*Happy Hour at Black Star Co-op isTues-Thurs from 3-6pm.

Spring Member’s Assembly Meeting Wrap-Up

The spring Member’s Assembly meeting, held on Sunday, April 3rd, was an information-filled whirlwind of fun!

We started out with an operational update from our outgoing Board-Staff Liaison, Nicole Renaux, who is stepping down from the position to focus on her Business Team work. Nicole refreshed our memory on the financial results of 2014 and necessary actions the Worker’s Assembly took during 2015 to ensure our shared financial success. Nicole reported that the Worker’s Assembly successfully put a shade-structure on the patio, acquired a third POS terminal, opened for lunch service, and re-calibrated worker remuneration. She then passed the mic to Mike Foster, the incoming Board-Staff Liaison. Mike reported that because many of these changes took time to implement and may take longer to fully realize the effects, the co-op sustained a small loss in 2015. Mike informed the members that the Worker’s Assembly further acted in the Fall, taking a 5% wage decrease across the co-op, and started externalizing sales tax on food in early 2016. Mike noted that so far in 2016, those changes have positively impacted the co-op, and the WA is meeting the approved budget. 

Kenley Maddux, Board President, then reported on the monitoring actions that the Board has taken and the Board’s role in the cooperative. The Board contracted an outside auditor specializing in cooperatives to review the co-ops books this year, meaning the final financials from 2015 will not be released until after the audit, which is scheduled for June. 

For the remainder of the meeting, the members split into four groups and rotated through four stations. Each station represented a core element of the Co-op: the Worker’s Assembly, the Board, the Brewery, and the Kitchen. Each station was a blend of presentation and free flowing questions, as dictated by the desires of the particular group. It was interactive and educational, the member-owners did a great job bringing their curiosity to the exercise.  

The Worker’s Assembly, as represented by Dana, Travis, and Jodi, explained in greater detail the recent operational changes, the delegation of duties, and the financial goals set at the co-op. The Board fielded questions about financial monitoring and committee work. Andy and Mike, the Beer Team, gave a tour of the brewing facility complete with discussion of sourcing and an in house beer tasting. Johnny and the Kitchen team explained the pricing strategy, the influences that inspire the eclectic pub-fare menu, and regaled us with the joys and challenges of using as many locally sourced foods as possible.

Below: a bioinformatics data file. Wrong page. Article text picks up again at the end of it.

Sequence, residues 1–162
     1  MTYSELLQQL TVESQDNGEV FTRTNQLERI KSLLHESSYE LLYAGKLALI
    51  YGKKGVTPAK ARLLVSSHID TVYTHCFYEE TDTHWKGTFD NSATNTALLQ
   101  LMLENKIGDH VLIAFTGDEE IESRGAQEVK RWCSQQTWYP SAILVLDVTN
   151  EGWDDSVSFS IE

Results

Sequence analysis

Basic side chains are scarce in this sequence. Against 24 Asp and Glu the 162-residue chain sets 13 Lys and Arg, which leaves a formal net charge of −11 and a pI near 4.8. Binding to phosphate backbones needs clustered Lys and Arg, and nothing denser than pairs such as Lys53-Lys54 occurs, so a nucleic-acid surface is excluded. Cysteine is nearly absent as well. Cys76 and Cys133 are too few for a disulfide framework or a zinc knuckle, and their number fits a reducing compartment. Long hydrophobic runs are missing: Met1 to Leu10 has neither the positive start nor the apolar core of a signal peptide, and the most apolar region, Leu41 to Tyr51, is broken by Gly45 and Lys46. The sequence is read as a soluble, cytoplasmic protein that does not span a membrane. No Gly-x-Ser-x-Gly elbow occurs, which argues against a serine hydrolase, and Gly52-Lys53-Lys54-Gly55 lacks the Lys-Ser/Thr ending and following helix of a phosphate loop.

As a Member-Owner, I’d like to thank the Worker’s Assembly for bringing it! to this MA meeting, letting us Member-Owners peek inside and remind us all the Black Star is a truly unique and wonderful place to grab a locally-sourced bite and a hand-crafted brew. On behalf of the Board, big thanks to our member-owners for showing up en force and on time to participate in our democracy. 

South By Southwest at Your Favorite Co-op Brewpub

The bluebonnets are in bloom, the days are warm, and we welcome thousands of visitors to our city. Locals are always divided on their feelings about the throng of visitors brought by SXSW. Whether you love the events or try to avoid the most active parts of town, Black Star Co-op has something for everyone. 

We’re far away enough from downtown, but still on the train line, meaning we’re a perfect place to stop for a much-needed break, a beer or a bite to eat on your way to or from an event. Most importantly, you won't have to wait in a line 100 people deep and to use a bathroom encased in plastic.

The trains are running late and so are we! Yes, our kitchen is staying open until midnight during the two weekends of SXSW. That’s right, on March 11-12 and 18-19, you can enjoy a late night at the Co-op. Stay tuned for more information on our extended SX hours.

As always, we have some awesome events and special releases especially for SXSW:

  • 3/15 House Release - Pneuma
    One of my favorite beers of all time returns! This West Coast inspired pale ale is brewed with Cascade, Citra, and Galaxy hops.
  • 3/17 St. Patrick’s Day